Many people decide to adopt a vegan diet as a way to improve their health, embrace an eco-friendly lifestyle, support animal activism, or all of the above. Of course, since most of us grow up eating meat and animal products, there is a learning curve associated with going vegan.
You'll have to learn how to get proper nutrition while cutting out a major portion of your diet up to this point. This is important for everyone, but particularly for runners that may require more fuel than the average person, not to mention specific types of nutrients.
If you want to continue your running routine uninterrupted when you give up meat and animal products and switch to a vegan diet, there are a few steps you can take to ensure proper nutrition and adequate fuel. Here are some tips to get you started.
When you adopt a plant-based diet, you're going to find that there are still plenty of opportunities to get complete proteins. The bigger issue is simply getting enough calories to provide the energy you need when you're training for a long race.
When you cut meat, dairy, and other animal products out of your diet, you'll almost certainly find that you can eat until you're full and consume far fewer calories (supposing you're eating a healthy and balanced diet as opposed to, say, consuming a lot of empty calories like sugar). When your calorie intake drops, you may not have the same energy level, especially when you're exercising a lot.
The good news is that you can find easy fixes to increase your calorie intake in order to avoid the fatigue that many vegan athletes experience. You just have to pay attention to your intake and try out different methods of upping your calorie intake to see what works for you.
Slow-burning fuel sources give you the sustained energy needed to boost your performance and ensure you feel good during and after your runs. Carbs are an ideal option, and if you were accustomed to carb loading before you became a vegan, you'll likely find that your routine changes very little afterward. The only difference is probably that you add more carbs to your everyday diet.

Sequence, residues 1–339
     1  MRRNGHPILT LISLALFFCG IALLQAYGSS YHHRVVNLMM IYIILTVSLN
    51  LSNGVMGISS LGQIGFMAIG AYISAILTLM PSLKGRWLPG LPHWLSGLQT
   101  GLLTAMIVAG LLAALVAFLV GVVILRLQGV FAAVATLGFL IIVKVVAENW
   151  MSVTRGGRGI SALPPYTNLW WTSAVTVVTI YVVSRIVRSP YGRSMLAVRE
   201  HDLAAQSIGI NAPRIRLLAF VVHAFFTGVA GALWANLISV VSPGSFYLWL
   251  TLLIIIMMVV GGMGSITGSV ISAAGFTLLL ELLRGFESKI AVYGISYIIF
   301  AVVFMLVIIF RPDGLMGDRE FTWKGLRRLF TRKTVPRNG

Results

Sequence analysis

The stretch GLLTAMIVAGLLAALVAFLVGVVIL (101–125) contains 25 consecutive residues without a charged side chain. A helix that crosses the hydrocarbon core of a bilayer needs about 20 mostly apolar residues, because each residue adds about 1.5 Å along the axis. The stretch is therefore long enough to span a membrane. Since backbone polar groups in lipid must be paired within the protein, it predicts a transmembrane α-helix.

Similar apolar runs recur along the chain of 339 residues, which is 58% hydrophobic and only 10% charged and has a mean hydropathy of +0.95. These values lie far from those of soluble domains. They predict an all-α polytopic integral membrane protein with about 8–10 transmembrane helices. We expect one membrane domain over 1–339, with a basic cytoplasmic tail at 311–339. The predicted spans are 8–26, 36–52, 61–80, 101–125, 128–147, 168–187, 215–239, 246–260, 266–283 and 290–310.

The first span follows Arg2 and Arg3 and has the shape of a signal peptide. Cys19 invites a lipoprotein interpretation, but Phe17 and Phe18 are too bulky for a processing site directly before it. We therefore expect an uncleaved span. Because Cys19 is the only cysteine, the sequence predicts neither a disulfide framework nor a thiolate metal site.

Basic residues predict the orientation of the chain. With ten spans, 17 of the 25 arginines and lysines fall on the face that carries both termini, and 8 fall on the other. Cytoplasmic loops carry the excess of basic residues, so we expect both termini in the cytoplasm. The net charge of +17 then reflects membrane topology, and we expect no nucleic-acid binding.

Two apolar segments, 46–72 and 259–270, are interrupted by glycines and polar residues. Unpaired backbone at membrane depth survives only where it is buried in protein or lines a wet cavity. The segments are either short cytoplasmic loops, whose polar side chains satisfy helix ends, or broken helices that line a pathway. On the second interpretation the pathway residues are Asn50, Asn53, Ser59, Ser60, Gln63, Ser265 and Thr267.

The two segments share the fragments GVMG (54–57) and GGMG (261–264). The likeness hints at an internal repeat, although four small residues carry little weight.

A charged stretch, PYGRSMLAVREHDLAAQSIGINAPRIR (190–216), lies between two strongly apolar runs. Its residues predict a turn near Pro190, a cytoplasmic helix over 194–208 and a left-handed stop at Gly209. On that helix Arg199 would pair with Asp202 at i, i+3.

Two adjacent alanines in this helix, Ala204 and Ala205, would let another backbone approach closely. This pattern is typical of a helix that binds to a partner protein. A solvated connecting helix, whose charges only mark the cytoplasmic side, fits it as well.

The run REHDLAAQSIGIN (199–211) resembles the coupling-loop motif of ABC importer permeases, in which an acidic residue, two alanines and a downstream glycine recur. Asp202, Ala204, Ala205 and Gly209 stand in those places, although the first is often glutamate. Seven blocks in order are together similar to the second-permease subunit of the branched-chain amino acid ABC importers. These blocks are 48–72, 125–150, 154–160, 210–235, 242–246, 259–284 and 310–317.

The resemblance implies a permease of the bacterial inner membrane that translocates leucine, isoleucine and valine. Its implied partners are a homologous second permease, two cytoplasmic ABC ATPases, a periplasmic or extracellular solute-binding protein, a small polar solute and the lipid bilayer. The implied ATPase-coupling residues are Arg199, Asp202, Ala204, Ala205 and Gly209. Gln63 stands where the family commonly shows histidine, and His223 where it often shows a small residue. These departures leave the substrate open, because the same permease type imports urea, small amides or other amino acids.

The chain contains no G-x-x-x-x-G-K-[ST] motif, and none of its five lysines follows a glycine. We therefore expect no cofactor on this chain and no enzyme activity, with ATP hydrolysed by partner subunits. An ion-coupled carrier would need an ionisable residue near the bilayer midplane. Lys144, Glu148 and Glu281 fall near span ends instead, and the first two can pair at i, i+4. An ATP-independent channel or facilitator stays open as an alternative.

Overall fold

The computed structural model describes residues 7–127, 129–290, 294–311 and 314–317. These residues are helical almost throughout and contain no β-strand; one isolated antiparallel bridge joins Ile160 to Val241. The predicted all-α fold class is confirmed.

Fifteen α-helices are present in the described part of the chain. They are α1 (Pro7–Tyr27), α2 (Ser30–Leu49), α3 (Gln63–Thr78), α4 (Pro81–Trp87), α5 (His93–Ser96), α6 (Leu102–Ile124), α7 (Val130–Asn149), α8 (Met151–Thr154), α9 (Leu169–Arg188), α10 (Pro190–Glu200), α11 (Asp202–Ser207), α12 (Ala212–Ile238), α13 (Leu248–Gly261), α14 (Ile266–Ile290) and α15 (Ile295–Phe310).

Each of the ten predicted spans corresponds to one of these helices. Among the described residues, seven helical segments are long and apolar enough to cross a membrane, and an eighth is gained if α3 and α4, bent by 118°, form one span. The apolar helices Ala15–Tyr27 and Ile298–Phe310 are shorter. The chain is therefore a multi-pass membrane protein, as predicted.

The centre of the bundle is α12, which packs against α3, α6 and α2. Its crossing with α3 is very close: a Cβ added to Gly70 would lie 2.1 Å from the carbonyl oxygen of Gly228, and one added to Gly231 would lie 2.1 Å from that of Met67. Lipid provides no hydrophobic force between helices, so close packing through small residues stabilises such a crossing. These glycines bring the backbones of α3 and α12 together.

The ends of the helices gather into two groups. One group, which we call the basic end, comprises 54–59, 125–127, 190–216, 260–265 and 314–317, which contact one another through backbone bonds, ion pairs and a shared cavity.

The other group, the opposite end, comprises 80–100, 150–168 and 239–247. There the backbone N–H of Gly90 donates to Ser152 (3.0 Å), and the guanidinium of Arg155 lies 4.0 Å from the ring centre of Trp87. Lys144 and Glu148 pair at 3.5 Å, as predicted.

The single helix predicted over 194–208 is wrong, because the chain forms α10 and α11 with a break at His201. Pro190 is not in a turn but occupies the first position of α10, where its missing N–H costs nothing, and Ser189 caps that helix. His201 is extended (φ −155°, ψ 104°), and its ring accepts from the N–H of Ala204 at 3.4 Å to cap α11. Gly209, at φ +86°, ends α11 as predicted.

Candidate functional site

Over time, you'll dial in the number of calories and the makeup of your diet for an average day, but you're going to need additional calories to account for what you burn off when you run. You also need to carefully select the foods you eat to get these calories.
Eating a lot of veggies or other high-fiber foods could come back to haunt you at an inopportune moment, interrupting your race with restroom breaks. A better option is to add an extra serving of pasta or other grains the night before a race, or try eating oatmeal or pancakes in the morning (provided your race isn't too early). When adding calories, be careful not to stuff yourself. Instead, eat just until you're full.
There are plenty of vegans that steer clear of supplements designed to increase protein and caloric intake. You'll have to decide for yourself if supplements have any part in your diet.
If you're having some trouble getting enough calories and nutrients to provide you with ample energy during and after your runs when you first switch to a vegan diet, supplements can help you through the transition while you learn how to tailor your diet to your lifestyle. Or they may become a recurring part of your training regimen.
Every athlete will have to make up his or her own mind where supplements are concerned, but there's no reason not to give them a try, at least temporarily, until you figure out what works for you.
If you've been running for a while, you probably already know that trial and error with your diet is essential to getting the perfect mix of foods to result in peak performance on your race day. When you adopt a vegan diet, you'll simply have to try new things to develop a routine that includes pre-, post-, and mid-race nutrition and ensures you feel good throughout.
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